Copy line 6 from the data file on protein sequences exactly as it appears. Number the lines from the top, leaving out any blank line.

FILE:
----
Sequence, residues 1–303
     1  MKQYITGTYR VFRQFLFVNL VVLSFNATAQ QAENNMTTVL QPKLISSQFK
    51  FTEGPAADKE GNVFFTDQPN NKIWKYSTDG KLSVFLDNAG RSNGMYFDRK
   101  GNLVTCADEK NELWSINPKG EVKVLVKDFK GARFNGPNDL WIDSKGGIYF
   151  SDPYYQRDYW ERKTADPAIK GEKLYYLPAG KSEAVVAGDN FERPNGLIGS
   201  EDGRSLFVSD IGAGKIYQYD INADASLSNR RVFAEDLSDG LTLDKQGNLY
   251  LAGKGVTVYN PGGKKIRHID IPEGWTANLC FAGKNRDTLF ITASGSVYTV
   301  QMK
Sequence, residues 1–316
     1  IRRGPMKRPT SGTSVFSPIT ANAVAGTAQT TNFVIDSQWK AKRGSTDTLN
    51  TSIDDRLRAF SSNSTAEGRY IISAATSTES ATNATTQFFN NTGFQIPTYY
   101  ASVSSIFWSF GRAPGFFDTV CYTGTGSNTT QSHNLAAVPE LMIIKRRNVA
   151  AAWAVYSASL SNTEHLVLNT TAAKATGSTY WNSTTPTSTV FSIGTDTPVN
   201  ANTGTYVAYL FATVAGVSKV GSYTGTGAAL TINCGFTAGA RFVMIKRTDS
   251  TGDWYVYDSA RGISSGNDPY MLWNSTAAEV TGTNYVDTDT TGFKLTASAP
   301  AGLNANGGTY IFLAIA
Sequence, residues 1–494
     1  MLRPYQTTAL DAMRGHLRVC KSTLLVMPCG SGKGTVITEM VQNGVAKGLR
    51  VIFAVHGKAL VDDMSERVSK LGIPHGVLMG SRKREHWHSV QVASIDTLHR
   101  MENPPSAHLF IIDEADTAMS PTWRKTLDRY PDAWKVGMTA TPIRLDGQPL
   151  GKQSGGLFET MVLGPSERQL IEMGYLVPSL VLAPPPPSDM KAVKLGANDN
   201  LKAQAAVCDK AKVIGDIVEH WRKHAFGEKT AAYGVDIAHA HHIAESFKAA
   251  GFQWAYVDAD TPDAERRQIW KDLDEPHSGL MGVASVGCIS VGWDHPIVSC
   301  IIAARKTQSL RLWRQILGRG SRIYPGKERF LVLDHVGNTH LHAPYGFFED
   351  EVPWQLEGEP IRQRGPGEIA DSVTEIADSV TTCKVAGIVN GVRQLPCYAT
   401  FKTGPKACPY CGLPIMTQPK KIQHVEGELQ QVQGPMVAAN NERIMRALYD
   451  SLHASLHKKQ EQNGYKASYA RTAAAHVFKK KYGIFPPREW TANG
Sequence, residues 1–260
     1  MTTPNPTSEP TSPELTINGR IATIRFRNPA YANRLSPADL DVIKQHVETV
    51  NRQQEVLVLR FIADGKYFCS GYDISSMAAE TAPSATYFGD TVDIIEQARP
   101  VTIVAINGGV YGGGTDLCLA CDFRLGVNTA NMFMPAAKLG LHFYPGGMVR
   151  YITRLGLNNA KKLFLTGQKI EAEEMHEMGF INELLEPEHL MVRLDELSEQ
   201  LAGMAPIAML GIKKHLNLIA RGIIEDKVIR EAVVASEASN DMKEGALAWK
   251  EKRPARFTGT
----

   201  EDGRSLFVSD IGAGKIYQYD INADASLSNR RVFAEDLSDG LTLDKQGNLY